The edge is where things are most interesting. You get the best view, but there’s a risk of falling off.
In reality though, there are few hard edges; most things are sloped to some degree but there’s a cut-off point in our perception where we interpret something as a cliff rather than something we’d roll cheese down to chase. Most scenarios are covered (or can at least be partially understood) by normal distribution curves (or bell curves, if you will). Another way to think of this, and possibly more common in the IT world, is with the Pareto principle. Even without knowing the details, pretty much everyone seems to know of the underlying 80:20 rule and the associated distributions (land ownership, wealth, effort/results) along with a basic understanding of marginal utility (an extra hundred pounds is more valuable to someone who has one hundred pounds than to someone who has a one thousand).
These are incredibly useful for designing any system – whether it be security, economic or political – knowing that we can achieve 80% of the results with 20% of the effort and cost. So long as we do that, it may well be good enough. Useful as this is, this can be an insidious process – the problem comes at the back-end. Once we’ve achieved 80% of the results we’ll need to put in four times as much effort to achieve the rest (of course, the rule also applies here – the last one percent of anything is the most difficult).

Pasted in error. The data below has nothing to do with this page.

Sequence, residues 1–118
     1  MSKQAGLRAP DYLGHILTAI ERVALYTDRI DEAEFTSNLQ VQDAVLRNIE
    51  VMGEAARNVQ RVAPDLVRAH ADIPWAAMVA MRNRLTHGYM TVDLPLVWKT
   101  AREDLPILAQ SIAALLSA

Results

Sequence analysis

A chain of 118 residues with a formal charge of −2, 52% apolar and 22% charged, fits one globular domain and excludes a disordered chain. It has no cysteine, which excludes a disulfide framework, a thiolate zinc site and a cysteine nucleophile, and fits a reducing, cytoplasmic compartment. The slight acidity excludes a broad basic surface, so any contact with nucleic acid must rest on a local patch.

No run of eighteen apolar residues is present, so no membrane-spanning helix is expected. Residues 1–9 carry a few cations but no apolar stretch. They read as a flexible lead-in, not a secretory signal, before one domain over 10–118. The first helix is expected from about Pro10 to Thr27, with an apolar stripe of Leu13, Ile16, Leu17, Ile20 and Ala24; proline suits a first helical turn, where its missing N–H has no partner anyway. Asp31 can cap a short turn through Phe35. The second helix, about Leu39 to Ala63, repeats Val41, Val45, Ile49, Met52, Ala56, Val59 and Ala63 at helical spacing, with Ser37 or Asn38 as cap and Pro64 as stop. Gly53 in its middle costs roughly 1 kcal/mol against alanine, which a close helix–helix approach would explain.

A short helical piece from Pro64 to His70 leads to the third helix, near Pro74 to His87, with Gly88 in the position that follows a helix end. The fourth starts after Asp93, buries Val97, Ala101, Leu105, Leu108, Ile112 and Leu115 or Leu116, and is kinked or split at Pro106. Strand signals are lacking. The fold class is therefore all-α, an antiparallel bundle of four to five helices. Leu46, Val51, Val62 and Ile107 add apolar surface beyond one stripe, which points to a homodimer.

Two areas that often overlap are great examples of where this can, and does, go wrong – security and legislation. Let’s think of a simple example where a company wants to block employees from accessing Facebook during working hours. A block can be implemented in many technical ways, requiring almost zero effort in most cases; but then add an exception for someone who actually needs to work with it and the effort increases. Even worse, we realise that Facebook isn’t a problem any more since everyone has moved to Diaspora, or people are using Twitter. Perhaps a more stringent policy on social media is needed, so let’s start by defining what that is. Regardless, people can use anonymous proxies, SSH tunnels or even just their phones to access the services anyway. We quickly escalate from the point where a simple policy and accompanying solution becomes something almost impossible to maintain, costly and ultimately ineffective.
We see these issues all the time in our legislation (here’s a good example from the USA), tax codes and security implementations. From a pure security point of view we see why things are so reactive and result in the “whack-a-mole” security implementations we have. This is where the edge is important.
Security decisions taken for the majority will need exceptions – even something relatively simple such as configuring an AV solution will have many options; one size doesn’t fit all and many security professionals choose not to run AV at all. To follow our analogy, some people want to lean over and look down, others want to be held back. Appetite for risk, availability of resources and many other factors will affect our security decisions, but building flexibility in is vital.
Stepping too close isn’t big, clever or usually recommended; but there are a number of situations where it’s required and our security processes and solutions should bend in those cases where we can.